By Todd Cohen
Charities need to act.
Despite social ills of crisis proportions, politicians and government will not look beyond plugging holes and surviving the next election.
So the job of pushing for change falls to charity.
Charity can lead by bringing together government, nonprofit and business leaders in a “civic assembly” to create a vision and business plan to take on the broad range of complex and interconnected social problems troubling our communities.
Change requires making choices, but fear of excluding any interest group or cause has kept charity and government from clearly defining problems, recognizing their common roots and working together to attack them.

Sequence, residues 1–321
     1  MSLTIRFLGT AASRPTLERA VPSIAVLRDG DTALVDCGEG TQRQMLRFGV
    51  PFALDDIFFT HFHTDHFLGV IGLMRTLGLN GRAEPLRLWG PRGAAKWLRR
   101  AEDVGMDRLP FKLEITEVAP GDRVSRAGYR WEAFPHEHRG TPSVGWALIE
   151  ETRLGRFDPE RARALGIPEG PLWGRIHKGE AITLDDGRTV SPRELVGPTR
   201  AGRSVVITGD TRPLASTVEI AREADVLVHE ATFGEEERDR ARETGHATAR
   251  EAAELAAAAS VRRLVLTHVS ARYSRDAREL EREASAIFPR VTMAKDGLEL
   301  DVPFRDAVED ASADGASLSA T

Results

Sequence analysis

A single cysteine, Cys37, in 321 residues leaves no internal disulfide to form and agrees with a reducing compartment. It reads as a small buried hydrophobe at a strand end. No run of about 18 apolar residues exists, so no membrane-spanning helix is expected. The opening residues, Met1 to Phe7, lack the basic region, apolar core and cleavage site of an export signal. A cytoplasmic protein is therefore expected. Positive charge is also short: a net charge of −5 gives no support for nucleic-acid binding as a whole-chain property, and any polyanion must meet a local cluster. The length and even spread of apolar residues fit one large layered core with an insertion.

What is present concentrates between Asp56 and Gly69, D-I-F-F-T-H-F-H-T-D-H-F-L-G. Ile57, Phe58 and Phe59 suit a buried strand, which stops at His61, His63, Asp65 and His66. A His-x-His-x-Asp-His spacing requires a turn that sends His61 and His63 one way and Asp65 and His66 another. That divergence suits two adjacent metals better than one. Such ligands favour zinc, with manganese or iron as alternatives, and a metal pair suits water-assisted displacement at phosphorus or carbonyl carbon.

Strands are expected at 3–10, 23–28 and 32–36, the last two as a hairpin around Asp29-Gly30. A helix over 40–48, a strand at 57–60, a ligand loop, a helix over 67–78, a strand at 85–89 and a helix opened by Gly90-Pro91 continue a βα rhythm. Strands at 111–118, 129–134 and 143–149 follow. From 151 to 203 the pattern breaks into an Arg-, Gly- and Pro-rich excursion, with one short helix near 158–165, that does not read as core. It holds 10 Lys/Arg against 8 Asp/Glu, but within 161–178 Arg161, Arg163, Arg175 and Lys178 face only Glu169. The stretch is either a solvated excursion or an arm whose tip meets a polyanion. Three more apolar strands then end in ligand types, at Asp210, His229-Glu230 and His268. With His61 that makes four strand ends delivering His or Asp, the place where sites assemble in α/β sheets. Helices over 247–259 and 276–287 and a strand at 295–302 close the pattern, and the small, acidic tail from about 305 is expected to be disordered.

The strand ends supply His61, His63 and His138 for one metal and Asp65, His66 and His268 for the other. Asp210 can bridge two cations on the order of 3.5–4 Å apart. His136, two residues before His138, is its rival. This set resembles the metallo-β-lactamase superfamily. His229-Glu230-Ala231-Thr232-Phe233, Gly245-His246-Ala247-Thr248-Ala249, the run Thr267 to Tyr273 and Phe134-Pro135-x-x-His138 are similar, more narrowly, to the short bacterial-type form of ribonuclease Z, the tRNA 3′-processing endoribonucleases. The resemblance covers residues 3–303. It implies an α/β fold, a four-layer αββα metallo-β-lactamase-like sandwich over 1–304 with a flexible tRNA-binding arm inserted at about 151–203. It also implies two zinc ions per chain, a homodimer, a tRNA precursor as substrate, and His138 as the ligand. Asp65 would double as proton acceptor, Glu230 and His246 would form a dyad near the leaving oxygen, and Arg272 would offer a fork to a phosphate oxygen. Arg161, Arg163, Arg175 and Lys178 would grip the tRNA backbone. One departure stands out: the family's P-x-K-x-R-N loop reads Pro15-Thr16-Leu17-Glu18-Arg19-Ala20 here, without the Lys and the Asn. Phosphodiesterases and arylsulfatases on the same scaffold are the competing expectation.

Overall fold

With our social fabric and safety net in tatters, we need smart leaders who can work together, take risks and move forward.
Asking tough questions is critical:
* What are the biggest social problems we face?
* How are they connected?
* What strategies work, and how can they be integrated?
* Who has the money, know-how and tools to pursue those strategies, and how can they be pooled and put to the smartest use?
America is stuck with leaders who will not lead.
By pushing for tough choices, charity can lead in making change happen.
Todd Cohen is the Editor and Publisher of the Philanthropy Journal.